The primary difference between Linux and many other popular contemporary operating systems is that the LINUX kernel and other components are free and open source software. Linux is not the only such operating system, although it is by far the most widely used. 

Typically Linux is packaged in a format known as a LINUX distribution for desktop and server use. Linux distributions include the Linux kernel and all of the supporting software required to run a complete system, such as utilities and libraries, the Windows System, desktop environment and the Apache HTTP Server. The most commonly-used applications with desktop Linux systems include the Mozilla Firefox as a web-browser and the Open Office as office application suite.

Linux can be installed on a wide variety of computer hardware, ranging from embedded devices as mobile phones and wristwatches to mainframes and super computers. Linux is predominantly known for its use in servers; in 2007 LINUX'S overall share of the server market was estimated at 12.7%, while a 2008 estimate suggested that 60% of all the Web servers ran Linux. Most desktop computers run either Mac OS or MS WINDOWS, with Linux having only 1-2% of the desktop market. However, desktop use of Linux has become increasingly popular in recent years, partly owing to the popular UBUNTU distribution.


A Linux-based system is a modular Unix-like operating system. It derives much of its basic design from principles established in UNIX during the 1970s and 1980s. Such a system uses Linux kernel, which handles process control, networking, and peripheral and file system access. Device drivers are integrated directly with the kernel.


Users can control a Linux-based system through a command line interface (or CLI), a GUI, or through controls attached to the associated hardware. For desktop systems, the default mode is usually graphical user interface, where the CLI is available through terminal emulator windows or on a separate consol known as the virtual consol.

On desktop machines, the most popular and widely used interfaces are KDE, GNOME and Xfce; although a variety of additional user interfaces exist. Most popular user interfaces run on top of the X Windows System (often simply called as "X"), which provides the advantage of network transparency, enabling a graphical application running on one machine to be displayed and controlled from another.

Other GUIs include X Window Manager such as FVWM, Enlightenment and Window Maker. The window manager provides a means to control the placement and appearance of individual application windows, and interacts with the X Window System.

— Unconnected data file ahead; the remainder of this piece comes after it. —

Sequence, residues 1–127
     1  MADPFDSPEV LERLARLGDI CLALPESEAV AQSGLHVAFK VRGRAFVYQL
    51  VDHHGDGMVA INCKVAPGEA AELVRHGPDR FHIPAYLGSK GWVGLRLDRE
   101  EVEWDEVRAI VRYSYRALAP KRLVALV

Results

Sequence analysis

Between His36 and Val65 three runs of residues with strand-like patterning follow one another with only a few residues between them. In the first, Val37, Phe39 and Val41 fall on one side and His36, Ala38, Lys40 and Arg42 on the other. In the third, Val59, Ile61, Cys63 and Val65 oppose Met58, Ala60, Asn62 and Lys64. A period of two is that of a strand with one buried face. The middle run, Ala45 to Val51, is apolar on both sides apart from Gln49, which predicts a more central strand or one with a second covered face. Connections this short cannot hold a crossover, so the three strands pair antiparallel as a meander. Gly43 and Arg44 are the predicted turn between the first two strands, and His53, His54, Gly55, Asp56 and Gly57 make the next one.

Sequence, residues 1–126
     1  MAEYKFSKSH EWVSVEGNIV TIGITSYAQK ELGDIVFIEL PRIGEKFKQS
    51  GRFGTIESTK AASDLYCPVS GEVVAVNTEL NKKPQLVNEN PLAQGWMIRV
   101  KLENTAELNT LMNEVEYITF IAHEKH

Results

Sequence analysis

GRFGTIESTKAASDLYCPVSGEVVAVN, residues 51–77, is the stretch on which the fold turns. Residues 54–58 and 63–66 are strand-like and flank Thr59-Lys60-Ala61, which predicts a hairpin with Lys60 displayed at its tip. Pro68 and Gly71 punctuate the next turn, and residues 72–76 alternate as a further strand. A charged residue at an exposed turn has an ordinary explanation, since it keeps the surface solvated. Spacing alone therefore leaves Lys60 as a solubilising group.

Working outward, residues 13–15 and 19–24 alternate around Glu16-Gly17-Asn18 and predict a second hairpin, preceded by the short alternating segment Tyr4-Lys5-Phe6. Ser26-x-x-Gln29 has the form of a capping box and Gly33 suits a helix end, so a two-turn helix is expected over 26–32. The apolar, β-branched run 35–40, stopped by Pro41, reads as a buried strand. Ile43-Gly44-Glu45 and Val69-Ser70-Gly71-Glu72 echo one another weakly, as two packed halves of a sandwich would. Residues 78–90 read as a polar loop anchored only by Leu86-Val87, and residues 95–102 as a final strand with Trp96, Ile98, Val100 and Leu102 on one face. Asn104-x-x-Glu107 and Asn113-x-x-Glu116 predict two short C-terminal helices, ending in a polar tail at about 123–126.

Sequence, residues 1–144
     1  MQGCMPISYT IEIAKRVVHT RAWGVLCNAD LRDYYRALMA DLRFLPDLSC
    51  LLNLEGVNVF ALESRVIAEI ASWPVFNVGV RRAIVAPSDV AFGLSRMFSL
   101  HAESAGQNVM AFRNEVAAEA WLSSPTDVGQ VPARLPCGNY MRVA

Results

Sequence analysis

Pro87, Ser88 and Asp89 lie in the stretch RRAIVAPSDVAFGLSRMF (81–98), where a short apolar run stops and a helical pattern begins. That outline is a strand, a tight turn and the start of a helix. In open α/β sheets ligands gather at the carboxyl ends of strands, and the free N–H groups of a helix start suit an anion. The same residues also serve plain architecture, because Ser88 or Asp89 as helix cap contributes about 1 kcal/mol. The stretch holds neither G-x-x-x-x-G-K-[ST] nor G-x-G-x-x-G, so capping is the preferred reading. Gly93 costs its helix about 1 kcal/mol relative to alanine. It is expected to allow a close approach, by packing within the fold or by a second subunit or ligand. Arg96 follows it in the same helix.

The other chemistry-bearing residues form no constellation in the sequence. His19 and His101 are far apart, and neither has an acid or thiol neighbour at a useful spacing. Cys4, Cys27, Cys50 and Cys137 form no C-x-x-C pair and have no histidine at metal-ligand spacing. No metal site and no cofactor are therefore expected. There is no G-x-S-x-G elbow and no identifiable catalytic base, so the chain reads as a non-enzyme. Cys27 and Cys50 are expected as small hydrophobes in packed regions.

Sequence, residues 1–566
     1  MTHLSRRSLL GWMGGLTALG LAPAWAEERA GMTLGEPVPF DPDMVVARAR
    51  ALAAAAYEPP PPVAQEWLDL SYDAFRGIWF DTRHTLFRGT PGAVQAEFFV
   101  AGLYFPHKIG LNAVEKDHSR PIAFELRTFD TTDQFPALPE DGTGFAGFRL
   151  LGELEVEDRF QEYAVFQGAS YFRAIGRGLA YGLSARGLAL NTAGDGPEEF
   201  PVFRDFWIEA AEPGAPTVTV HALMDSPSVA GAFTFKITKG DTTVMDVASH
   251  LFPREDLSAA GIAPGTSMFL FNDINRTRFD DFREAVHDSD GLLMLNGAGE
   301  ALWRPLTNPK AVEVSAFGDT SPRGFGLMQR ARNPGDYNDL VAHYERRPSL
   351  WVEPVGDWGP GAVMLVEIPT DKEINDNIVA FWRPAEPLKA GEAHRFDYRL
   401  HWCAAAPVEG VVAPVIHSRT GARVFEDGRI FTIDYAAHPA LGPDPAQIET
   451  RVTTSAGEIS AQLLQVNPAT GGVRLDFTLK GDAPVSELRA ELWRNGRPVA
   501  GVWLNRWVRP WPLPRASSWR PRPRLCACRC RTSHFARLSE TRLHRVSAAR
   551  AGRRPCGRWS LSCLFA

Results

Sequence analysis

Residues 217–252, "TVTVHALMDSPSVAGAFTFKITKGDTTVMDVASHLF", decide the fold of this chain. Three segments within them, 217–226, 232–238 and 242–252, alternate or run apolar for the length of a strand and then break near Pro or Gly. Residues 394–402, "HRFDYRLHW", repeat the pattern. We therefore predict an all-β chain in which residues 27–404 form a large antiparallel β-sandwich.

A Linux system typically provides a CLI through a Shell, which is the traditional way of interacting with a UNIX system. A Linux distribution specialized for servers may use the CLI as its only interface. A headless system that runs without even a monitor can be controlled by the command line via a remote-control protocol such as SSH or Telnet.

Mostly low-level Linux components, including the GNU, use the CLI exclusively. The CLI is particularly suited for automation of repetitive or delayed tasks, and provides very simple inter-process communication. A graphical terminal emulator program is often used to access the CLI from a Linux desktop.


Linux is a cross-platform operating system that runs on many computer models. In comparison, Windows 95 and Windows 98 run only on CPUs having the Intel architecture. Windows NT runs only on CPUs having the Intel architecture.

Second, and more important, Linux and many Linux applications are distributed in source form. This makes it possible for you and others to modify or improve them. You're not free to do this with most operating systems, which are distributed in binary form. For example, you can't make changes to Microsoft Windows or Microsoft Word - only Microsoft can do that. Because of this freedom, Linux is being constantly improved and updated, far outpacing the rate of progress of any other operating system. For example, Linux will likely be the first operating system to support Intel's forthcoming Merced 64-bit CPU.

Linux has attractive features and performance. Free access to Linux source code lets programmers around the world implement new features, and tweak Linux to improve its performance and reliability. The best of these features and tweaks are incorporated in the standard Linux kernel or made available as kernel patches or applications. Not even Microsoft can mobilize and support a software development team as large and dedicated as the volunteer Linux software development team, which numbers in the hundreds of thousands, including programmers, code reviewers, and testers.


SOLARIS is a UNIX-based Operating System which was introduced by The Sun Microsystems in 1992 as the successor to SunOS. Solaris is certified against the Single UNIX Specification. Although it was historically developed as Software, it is supported on systems manufactured by all major server vendors, and the majority of its codebase is now open source software via the Open Solaris project. Solaris is well known for originating many innovative features such as DTrace and ZFS.

DTrace is a comprehensive dynamic tracing framework for troubleshooting kernel and application problems on production system in real time. DTrace can be used to get a global overview of a running system, such as the amount of memory, CPU time, file systems and network resources used by the active processes. It can also provide much more fine-grained information, such as a log of the arguments with which a specific function is being called, or a list of the processes accessing a specific file.

In computing, ZFS is a combined file system and logical volume manager. The features of ZFS include support for high storage capacities, integration of the concepts of file system and volume management.


ZFS was designed and implemented by a team at Sun led by Jeff Bonwick. It was announced on September 14, 2004. Source code for ZFS was integrated into the main trunk of Solaris development on October 31, 2005 and released as part of build 27 of Open Solaris on November 16, 2005. Sun announced that ZFS was included in the 6/06 update to Solaris 10 in June 2006, one year after the opening of the Open Solaris community.